If you were one of the people fantasizing about a nasty courtroom battle between the fashion outlet American Apparel and Woody Allen, get ready to be disappointed. It was announced on Monday, that Allen,"...had accepted a $5 million settlement in his lawsuit against the manufacturer, American Apparel, and Dov Charney, its founder and chief executive." Now if you remember, Allen had launched a suit against AA for at least $10 million after the clothier used an image from Allen's film, Annie Hall, of the director dressed as a Rabbi. When Allen found out about the ad, plenty of name-calling ensued, and AA's lawyers were ready and willing to take their fight to court in hopes of proving that Allen's image wasn't even worth that much thanks to his scandalous past.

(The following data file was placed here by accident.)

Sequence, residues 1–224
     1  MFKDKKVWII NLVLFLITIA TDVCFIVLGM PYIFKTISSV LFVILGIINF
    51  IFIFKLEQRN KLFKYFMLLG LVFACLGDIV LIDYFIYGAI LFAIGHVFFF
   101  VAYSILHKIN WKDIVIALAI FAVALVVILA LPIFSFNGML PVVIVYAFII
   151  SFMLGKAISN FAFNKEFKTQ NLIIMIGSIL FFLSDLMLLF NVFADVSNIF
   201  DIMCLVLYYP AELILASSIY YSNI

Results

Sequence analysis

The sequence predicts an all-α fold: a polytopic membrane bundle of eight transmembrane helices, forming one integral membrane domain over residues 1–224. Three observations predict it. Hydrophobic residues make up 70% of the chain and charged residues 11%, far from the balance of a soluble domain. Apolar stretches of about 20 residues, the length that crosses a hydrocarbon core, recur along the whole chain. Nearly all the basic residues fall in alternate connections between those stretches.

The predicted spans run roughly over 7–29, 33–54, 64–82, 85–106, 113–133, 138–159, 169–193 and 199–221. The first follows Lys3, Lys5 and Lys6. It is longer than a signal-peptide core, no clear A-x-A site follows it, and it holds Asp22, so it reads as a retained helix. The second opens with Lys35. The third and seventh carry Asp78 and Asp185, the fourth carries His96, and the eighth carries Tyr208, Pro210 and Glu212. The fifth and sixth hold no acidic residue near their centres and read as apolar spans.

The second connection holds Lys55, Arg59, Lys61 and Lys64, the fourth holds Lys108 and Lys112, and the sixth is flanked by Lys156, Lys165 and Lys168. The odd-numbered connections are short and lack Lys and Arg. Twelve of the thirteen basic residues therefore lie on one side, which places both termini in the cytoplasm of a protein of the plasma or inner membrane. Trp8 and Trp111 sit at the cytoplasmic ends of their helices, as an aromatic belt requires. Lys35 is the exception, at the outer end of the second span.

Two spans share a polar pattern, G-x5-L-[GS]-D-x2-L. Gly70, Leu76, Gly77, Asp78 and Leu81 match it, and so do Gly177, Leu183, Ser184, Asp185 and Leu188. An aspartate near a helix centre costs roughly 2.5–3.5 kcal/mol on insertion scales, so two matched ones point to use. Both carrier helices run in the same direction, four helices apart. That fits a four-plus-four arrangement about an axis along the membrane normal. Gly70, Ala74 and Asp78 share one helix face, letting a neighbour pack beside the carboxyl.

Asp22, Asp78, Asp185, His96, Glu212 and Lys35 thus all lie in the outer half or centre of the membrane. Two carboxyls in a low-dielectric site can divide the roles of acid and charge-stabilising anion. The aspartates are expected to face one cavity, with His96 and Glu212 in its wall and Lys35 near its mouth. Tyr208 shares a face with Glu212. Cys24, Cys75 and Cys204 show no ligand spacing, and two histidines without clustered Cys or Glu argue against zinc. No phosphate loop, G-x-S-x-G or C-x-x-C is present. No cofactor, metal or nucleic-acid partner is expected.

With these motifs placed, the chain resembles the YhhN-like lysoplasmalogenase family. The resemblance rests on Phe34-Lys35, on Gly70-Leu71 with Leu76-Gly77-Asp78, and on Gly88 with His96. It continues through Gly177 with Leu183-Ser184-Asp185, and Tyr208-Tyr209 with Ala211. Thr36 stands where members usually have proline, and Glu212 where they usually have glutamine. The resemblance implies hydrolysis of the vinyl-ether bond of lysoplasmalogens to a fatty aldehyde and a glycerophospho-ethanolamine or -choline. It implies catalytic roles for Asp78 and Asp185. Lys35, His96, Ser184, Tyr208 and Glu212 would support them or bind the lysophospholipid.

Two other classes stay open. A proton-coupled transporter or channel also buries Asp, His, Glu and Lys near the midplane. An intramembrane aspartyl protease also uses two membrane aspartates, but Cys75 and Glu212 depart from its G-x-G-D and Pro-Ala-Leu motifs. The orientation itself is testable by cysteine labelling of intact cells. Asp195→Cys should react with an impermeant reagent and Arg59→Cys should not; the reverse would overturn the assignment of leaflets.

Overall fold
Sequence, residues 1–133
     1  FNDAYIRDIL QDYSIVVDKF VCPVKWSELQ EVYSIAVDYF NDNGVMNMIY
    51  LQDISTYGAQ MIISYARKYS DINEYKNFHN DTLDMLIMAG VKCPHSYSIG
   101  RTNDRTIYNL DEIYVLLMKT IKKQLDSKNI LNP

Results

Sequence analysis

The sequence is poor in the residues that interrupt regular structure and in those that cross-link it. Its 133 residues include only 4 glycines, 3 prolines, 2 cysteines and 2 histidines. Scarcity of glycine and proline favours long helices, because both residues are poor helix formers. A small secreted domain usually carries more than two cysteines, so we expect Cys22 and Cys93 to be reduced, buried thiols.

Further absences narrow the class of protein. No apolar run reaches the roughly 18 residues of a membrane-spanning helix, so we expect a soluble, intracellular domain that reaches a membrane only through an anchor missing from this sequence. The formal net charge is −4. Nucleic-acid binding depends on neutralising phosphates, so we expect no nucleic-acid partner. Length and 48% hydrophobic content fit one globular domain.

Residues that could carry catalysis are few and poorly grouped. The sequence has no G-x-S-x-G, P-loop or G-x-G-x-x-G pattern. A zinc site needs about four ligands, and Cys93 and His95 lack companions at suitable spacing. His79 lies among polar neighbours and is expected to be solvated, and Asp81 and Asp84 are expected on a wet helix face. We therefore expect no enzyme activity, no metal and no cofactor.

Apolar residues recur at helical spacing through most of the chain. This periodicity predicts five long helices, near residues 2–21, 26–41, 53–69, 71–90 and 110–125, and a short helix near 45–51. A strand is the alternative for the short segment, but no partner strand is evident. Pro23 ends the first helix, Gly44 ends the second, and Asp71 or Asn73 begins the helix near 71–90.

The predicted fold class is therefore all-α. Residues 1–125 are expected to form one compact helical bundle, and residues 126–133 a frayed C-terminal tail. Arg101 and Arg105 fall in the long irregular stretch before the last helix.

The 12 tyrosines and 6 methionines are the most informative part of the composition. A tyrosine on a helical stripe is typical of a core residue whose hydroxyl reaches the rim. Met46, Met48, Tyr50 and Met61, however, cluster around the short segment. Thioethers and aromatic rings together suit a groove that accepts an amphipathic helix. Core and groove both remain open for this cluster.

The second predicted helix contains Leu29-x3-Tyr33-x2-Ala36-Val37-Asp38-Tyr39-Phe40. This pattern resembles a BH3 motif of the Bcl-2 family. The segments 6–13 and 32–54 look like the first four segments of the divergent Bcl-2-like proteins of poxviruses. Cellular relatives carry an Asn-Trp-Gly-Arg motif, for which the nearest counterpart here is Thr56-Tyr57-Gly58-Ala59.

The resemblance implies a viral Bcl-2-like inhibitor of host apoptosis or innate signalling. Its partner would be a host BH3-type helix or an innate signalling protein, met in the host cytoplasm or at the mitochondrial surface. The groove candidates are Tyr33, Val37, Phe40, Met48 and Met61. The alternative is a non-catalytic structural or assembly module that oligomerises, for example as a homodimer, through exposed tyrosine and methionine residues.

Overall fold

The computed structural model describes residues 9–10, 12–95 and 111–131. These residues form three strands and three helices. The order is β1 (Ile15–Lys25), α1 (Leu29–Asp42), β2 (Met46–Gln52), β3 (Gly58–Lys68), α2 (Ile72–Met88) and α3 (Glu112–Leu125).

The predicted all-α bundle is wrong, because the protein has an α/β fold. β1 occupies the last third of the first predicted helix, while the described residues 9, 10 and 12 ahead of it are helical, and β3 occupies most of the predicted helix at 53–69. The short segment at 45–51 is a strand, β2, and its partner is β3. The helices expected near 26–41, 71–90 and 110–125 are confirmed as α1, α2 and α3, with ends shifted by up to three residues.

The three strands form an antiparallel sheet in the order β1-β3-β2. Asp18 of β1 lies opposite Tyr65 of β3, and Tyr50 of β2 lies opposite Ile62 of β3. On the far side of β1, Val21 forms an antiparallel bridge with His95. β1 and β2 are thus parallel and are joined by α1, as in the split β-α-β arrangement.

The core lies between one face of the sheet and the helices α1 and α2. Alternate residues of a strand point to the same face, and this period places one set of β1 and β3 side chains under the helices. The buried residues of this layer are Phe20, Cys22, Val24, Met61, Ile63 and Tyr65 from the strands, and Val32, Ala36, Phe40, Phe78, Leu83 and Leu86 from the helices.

Most of Allen's fans saw the incident as a clear-cut case of copyright infringement, but Charney and AA had a different take on their use of the image. In discussions with AA's PR representative, I confirmed that AA had intended the billboard to be a comment on the public perception of AA as a brand; or to put it in movie terms, AA was the Alvy Singer to the media's Grammie Hall. Sure, it's a good use of a movie reference, and I do see their point. But something isn't clicking when on one hand Charney says, "My intention was to call upon people to see beyond media and lawsuit-inspired scandal, and to consider people for their true value and for their contribution to society" and at the same time he was mounting a legal defense that seemed to be the opposite of his intentions (you can read Charney's full statement about the case on their website).